ANZA IN ARIZONA
ILLUSTRATION: JUAN BAUTISTA DE ANZA
In the latter half of the eighteenth century Captain Juan Bautista de Anza and Father Francisco Garcés endeavored to extend the Spanish frontier deeper into what is now the state of Arizona. Much has been written about the new beginning made by this team of frontier captain and frontier missionary nearly a century after the pioneering efforts of Eusebio Francisco Kino. In emphasizing their epic expeditions westward to establish an overland route to Alta California, however, their equally important activities at home have been neglected. At the time, Tubac was the northernmost military outpost of Spain in this longitude. Anza was its captain. The first document is a personal-service report made by him from Tubac in 1767.
My name is Juan Bautista de Anza.
I am Captain of the Company at the Royal Presidio of Tubac.
I was born at the Royal Presidio of Fronteras in Sonora.
My age is thirty-three years.
My lineage is Spanish.
The total length of my service to date is twelve years and two months.
I began service as a lieutenant on July 1, 1755
I was promoted to captain on December 12 , 1759.
I began my service as a lieutenant at the Royal Presidio of Fronteras. There I took part in five general campaigns against the Apaches under Captain Gabriel de Vildósola. I was entrusted with the most arduous and dangerous patrols. We killed forty of the enemy and captured more than 200 members of their families. During the last of these campaigns I was under orders to lead a detachment of soldiers and Indian allies to take a stronghold in the Chiricahua Mountains, garrisoned with 180 of the enemy. I stormed the stronghold and retreated with six of their stolen cattle. When the Apaches tried to impede us from recovering the rest of the livestock, I was able singlehanded to capture the captain of the Indian band. The rest of the enemy then retreated to the stronghold, leaving myself and another soldier with only minor wounds. In two other campaigns which I commanded while at that presidio, I killed twenty-nine Apaches during the various skirmishes and captured 114 members of their families. I was able to recover over 500 head of livestock that were stolen from various parts of the province. Also while attached to the Fronteras presidio, I was sent south under the command of Juan de Mendoza, colonel and governor of these provinces, to take part in five campaigns against the Seris. His satisfaction with my conduct is reflected in the report he made when I was promoted to captain.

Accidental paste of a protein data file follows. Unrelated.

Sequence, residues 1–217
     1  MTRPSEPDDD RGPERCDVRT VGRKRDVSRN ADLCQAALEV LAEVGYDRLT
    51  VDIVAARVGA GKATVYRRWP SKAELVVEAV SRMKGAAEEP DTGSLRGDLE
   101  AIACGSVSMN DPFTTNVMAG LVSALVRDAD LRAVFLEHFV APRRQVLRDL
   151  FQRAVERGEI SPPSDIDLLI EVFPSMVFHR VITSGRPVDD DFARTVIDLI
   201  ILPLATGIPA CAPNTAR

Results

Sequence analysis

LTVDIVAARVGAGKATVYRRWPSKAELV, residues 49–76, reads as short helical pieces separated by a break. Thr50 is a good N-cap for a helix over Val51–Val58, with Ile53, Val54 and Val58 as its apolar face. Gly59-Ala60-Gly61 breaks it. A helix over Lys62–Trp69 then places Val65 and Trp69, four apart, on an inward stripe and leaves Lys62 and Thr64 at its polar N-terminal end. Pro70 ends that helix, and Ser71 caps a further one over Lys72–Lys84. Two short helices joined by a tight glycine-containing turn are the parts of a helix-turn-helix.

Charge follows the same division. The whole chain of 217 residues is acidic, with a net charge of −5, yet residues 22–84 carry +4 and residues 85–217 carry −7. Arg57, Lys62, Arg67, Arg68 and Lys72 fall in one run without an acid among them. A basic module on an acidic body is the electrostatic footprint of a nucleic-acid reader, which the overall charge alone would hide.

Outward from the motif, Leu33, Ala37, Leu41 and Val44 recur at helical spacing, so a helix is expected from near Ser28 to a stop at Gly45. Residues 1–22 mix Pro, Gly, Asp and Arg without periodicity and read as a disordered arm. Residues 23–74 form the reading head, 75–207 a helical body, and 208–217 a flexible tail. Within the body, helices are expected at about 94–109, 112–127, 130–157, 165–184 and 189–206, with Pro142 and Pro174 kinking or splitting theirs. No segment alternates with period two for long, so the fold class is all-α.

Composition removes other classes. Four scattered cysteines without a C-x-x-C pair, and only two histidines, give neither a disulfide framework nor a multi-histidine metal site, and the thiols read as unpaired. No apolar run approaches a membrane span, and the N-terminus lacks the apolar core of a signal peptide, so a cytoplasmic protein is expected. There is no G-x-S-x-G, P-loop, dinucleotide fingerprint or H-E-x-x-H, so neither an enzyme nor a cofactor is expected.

When I took over my present command in 1760, my section of the frontier was faced with an uprising of over a thousand Papagos. After launching various campaigns to subjugate them, I attacked them personally on May l0, 1760, and took the lives of Ciprián, their captain, and nine others. All of the rest then capitulated and renounced the inconstancy that has been plaguing the Piman nation.
During that same year of 1760, I was sent down to the Seri frontier five times and led three campaigns. I killed thirty in 1762 and captured many members of their families. I received orders just last year from the present governor [Juan de Pineda] to return to that southern frontier to command the campaign there. Besides winning over twenty families of Sibúbapas or Suaquis [Lower Pimas] to obedience to the king, I surprised the horseherd of the rebel Seris and Pimas and captured it despite their massive attack to recover it.
I CAN DECLARE ON THIS FIRST DAY OF SEPTEMBER OF THE YEAR 1767, IN THIS MY COMPANY AND PRESIDIO OF SAN IGNACIO AT TUBAC, THAT MY COMPORTMENT IN EACH AND EVERY ONE OF THE BATTLES OF MY SERVICE IS ATTESTED TO BY ALL OF THE GOVERNORS AND COMMANDERS UNDER WHOM I SERVED.
JUAN BAUTISTA DE ANZA1
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Desert Documentary by Kieran McCarty - Chapter 1
Tucson, Arizona: Arizona Historical Society, 1976.
© 1976 The Arizona Historical Society. All Rights Reserved.